Ali Zahir the Chief of Staff of the President’s Office, has claimed that only a “few” Indian soldiers were present in the Maldives, and such a small number could not affect the nation’s sovereignty.
Appearing on a Public Service Media programme last night, Zahir admitted that the number of Indian soldiers in the Maldives has “changed” given the additional bilateral treaties signed between the Maldives and India since President Solih’ inauguration in 2018. He had stated this in response to a question asking him if the number of Indian soldiers in the Maldives has increased since the inauguration of the Solih administration.
Nevertheless, Zahir had said that “only a few” Indian soldiers were present in the Maldives. He said that there would be more soldiers if India had had intentions to take over the Maldives.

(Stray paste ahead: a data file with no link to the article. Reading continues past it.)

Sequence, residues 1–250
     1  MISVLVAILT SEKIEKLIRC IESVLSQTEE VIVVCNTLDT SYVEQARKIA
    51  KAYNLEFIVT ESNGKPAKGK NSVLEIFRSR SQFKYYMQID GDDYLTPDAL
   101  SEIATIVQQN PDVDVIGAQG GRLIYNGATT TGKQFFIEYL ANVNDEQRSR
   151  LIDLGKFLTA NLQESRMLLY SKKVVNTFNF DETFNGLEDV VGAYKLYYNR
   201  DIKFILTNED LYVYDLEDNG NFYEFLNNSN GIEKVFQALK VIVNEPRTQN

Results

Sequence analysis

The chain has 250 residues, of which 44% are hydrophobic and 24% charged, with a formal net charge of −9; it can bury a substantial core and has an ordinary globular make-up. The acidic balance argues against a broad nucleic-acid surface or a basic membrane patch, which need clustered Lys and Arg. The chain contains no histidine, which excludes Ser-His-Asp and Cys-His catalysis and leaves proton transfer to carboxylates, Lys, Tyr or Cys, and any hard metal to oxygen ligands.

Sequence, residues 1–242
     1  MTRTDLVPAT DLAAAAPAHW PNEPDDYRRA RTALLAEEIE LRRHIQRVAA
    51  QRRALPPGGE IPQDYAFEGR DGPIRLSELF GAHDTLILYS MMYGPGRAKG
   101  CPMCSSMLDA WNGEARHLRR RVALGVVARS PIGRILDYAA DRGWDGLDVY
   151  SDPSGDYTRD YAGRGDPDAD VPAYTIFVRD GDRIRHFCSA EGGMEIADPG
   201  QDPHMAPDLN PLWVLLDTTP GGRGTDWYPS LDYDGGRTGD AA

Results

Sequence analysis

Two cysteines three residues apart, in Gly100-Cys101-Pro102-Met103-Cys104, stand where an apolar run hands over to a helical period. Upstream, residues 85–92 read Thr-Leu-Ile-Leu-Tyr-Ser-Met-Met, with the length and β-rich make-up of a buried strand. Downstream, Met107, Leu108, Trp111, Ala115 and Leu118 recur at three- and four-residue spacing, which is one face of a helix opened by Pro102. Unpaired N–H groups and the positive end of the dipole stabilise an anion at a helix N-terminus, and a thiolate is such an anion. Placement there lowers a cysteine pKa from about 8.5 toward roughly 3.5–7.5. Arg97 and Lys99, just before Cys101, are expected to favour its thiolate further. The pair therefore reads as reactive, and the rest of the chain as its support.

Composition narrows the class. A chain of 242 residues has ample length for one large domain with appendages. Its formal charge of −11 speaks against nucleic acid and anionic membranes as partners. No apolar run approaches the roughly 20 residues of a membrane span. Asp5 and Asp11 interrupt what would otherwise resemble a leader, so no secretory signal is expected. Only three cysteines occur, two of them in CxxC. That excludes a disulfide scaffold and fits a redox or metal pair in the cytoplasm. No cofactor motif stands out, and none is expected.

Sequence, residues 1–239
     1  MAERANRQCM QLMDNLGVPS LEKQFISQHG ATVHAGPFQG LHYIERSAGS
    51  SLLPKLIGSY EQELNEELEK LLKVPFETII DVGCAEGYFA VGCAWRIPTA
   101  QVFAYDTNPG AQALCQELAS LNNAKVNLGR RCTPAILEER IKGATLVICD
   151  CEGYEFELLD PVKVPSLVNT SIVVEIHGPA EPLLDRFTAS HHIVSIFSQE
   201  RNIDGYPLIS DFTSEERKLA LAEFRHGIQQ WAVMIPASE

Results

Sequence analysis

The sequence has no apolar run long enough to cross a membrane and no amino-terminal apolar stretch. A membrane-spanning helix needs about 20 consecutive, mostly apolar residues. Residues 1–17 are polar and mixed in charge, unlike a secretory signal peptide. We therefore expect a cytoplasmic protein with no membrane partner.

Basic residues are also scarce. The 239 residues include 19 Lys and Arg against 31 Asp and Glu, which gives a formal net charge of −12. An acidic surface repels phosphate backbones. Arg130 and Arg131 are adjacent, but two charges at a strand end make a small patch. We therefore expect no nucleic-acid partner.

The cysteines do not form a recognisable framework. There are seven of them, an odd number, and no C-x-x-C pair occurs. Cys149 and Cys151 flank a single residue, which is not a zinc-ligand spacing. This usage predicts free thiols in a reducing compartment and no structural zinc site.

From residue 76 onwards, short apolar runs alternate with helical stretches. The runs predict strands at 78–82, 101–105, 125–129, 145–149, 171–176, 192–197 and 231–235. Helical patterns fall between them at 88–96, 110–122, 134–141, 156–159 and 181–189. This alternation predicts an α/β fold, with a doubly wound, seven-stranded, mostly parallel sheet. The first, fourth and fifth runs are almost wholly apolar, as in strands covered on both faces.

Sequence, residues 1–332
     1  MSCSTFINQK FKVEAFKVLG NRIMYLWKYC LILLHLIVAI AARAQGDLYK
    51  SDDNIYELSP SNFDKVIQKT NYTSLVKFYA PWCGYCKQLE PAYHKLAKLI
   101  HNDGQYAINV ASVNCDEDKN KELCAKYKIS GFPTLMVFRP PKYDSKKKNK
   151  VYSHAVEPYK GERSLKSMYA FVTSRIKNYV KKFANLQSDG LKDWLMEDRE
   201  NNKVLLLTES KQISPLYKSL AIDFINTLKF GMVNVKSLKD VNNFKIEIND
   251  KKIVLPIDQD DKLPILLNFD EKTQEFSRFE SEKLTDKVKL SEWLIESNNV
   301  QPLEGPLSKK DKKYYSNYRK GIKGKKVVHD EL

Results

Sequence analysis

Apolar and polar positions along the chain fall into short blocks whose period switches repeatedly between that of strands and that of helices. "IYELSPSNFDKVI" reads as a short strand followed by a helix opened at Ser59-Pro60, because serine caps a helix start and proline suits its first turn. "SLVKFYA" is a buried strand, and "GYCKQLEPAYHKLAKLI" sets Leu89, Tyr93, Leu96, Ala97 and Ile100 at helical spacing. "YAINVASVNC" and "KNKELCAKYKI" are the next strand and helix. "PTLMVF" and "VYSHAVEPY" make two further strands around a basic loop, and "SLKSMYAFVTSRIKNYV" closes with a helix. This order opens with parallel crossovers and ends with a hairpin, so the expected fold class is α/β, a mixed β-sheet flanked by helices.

“We’re talking about a very small number of soldiers, you know. If [sovereignty] could be played with like that—is that how soldiers would be stationed? Or would they instead install military bases?” said Zahir.
Pointing out that Indian military doctors were active at Senahiya, Zahir had said the Indian military were not armed and out terrorizing the public, or trying to take over the country’s sovereignty.
Although Zahir had announced that the Maldives only hosted a “small number” of Indian soldiers, the standard government response until earlier this year had been that there were no Indian soldiers in the Maldives. The government had since changed their narrative, and Defence Minister Mariya Didi had announced that although Indian soldiers were indeed present in the country, they were unarmed.
Despite the Defence Minister’s statements, the bilateral agreements grant these soldiers virtual diplomatic immunity; they are allowed to enter the Maldives without having their possessions, or habitations, searched or checked at any time. The government cannot be entirely sure if the Indian soldiers are truly unarmed.